Israeli international law expert Ruth Gavison wrote on 8 February in Haaretz, here, that Israel should take this HRC report seriously. Gavison told her readers that “The report reflects the views of the international community that sees Israel not only as an on-going occupier in the West Bank, but one that conducts itself as proprietary owners, perceiving their rights as overruling the Palestinians’ quest for self-determination on part of their homeland. It should be noted that in contrast to the Human Rights Council’s report, which views the 1967 borders (the Green Line) as the only criterion for the legitimacy of Jewish settlement projects, the Israeli government has before it the report prepared by retired Justice Edmond Levy which states otherwise. This report, basing itself on the same international law, states that the entire West Bank is a legitimate target for Jewish settlement, subject to proprietary rights of Palestinian residents. The state and its courts have done their utmost to avoid taking an unambiguous stand regarding the legality of Jewish settlement beyond the Green Line in the context of international law. The courts have dealt mainly with property rights of individual Palestinians”. But, Gavison noted, “If Israel continues to argue that it is permissible for Jews to settle anywhere in Mandatory (pre-1948) Palestine (other than on private land), which is what the Levy report recommends, rather than claim that this was how it interpreted international law until the issue was clarified, the country and its leaders will face mounting criticism and even sanctions”.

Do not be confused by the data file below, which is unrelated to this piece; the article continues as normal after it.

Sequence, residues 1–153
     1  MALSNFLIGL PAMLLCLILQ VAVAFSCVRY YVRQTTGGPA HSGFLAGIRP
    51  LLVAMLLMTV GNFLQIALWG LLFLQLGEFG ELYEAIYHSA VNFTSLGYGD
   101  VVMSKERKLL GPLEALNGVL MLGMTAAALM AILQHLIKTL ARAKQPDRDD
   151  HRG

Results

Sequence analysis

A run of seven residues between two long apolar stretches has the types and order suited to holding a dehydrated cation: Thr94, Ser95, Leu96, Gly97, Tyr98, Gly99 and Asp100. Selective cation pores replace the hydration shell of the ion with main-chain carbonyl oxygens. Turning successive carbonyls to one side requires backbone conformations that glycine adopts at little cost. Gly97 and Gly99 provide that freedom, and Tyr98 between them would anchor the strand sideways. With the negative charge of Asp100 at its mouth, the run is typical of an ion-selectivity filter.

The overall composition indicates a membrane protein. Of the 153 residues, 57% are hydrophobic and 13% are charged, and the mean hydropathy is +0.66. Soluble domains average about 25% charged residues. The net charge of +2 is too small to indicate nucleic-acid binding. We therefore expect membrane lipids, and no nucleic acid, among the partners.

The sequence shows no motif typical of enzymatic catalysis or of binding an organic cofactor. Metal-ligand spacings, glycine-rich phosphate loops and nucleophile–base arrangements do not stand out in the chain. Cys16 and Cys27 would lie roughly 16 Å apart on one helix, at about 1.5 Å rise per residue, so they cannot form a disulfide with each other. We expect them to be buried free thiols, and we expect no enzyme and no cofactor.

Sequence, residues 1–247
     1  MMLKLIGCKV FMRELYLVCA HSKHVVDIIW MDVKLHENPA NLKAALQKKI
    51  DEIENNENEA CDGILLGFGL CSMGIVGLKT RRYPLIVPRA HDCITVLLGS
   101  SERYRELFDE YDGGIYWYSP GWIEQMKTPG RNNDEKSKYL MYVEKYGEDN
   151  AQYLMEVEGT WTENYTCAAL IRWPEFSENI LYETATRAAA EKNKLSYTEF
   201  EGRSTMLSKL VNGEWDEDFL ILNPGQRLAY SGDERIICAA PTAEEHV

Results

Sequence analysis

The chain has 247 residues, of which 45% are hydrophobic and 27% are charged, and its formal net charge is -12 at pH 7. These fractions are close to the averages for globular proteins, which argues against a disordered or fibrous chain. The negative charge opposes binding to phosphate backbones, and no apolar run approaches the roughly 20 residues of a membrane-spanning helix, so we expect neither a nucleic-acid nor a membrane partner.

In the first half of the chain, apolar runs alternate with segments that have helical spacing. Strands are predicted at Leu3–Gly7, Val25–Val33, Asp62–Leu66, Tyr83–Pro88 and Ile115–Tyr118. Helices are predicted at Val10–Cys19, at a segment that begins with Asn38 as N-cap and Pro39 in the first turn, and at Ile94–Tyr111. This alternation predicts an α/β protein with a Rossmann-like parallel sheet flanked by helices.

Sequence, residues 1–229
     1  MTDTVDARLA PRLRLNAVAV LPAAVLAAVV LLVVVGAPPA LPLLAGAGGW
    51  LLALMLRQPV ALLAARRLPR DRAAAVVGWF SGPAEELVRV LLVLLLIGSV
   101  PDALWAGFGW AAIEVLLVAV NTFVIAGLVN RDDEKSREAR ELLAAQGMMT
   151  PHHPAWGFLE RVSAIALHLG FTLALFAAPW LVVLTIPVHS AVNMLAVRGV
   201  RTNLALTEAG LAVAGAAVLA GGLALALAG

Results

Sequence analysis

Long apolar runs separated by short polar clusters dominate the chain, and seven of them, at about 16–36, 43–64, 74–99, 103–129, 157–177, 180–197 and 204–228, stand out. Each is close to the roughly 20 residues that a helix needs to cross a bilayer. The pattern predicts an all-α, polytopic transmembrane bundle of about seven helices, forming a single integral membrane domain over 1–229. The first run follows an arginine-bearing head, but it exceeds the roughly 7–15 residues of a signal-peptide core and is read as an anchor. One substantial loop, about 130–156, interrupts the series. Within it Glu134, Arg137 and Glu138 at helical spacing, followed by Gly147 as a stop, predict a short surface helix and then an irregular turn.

Today, Carlo Strenger wrote in Haaretz that: “The bottom line of Gavison’s article is simple and crystal clear. Any way you may look at it, Israel’s settlement activity in the West Bank is illegal according to international law. In fact, according to the Treaty of Rome endorsed in 1998 settling the population of a conquering country in occupied territory is considered a war crime. She makes clear that no reading of international law supports the conclusion of the Edmond Levy committee that claims that Israeli settlements are legal. Gavison’s urgent recommendation to any future government is to embark on a negotiated solution with the Palestinians as soon as possible. She warns that if the conflict is not solved, Israel will be in a very weak position…Gavison, I reemphasize, is not only a highly respected legal authority, but also extremely cautious. I am convinced that she has thought through every aspect of her argument countless times. Her conclusion is crystal-clear: Israel may soon find itself in a truly threatening situation. Playing at ‘we want negotiations, but the Palestinians don’t fulfill preconditions like recognizing Israel as a Jewish state’ is not enough: a solution must actually be achieved. This is deeply opposed to Israeli political culture of the last decades. As the former Shin Bet Chiefs interviewed in Dror Moreh’s highly praised documentary ‘The Gatekeepers’ keep reiterating, Israel’s political leaders always avoided formulating a clear strategic goal on the Palestinian conflict. The reticence of Israeli politicians to address the Israel-Palestine conflict has good reasons: the left was practically wiped off the political map because it is seen as responsible for the second Intifada, and very few politicians are willing to take any further risks in this direction. As a result Israel’s political discourse is largely based on the mistaken assumption that the status quo of the occupation can be perpetuated indefinitely…[though] Naftali Bennett is in favor of annexing sixty percent of the West Bank. Gavison’s legal analysis makes clear that this is an illusion. The Knesset has no legal jurisdiction over the West Bank, and even if Bennett’s idea would be implemented, the international community would reject this as a clear breach of international law. Carlo Strenger’s analysis is posted here.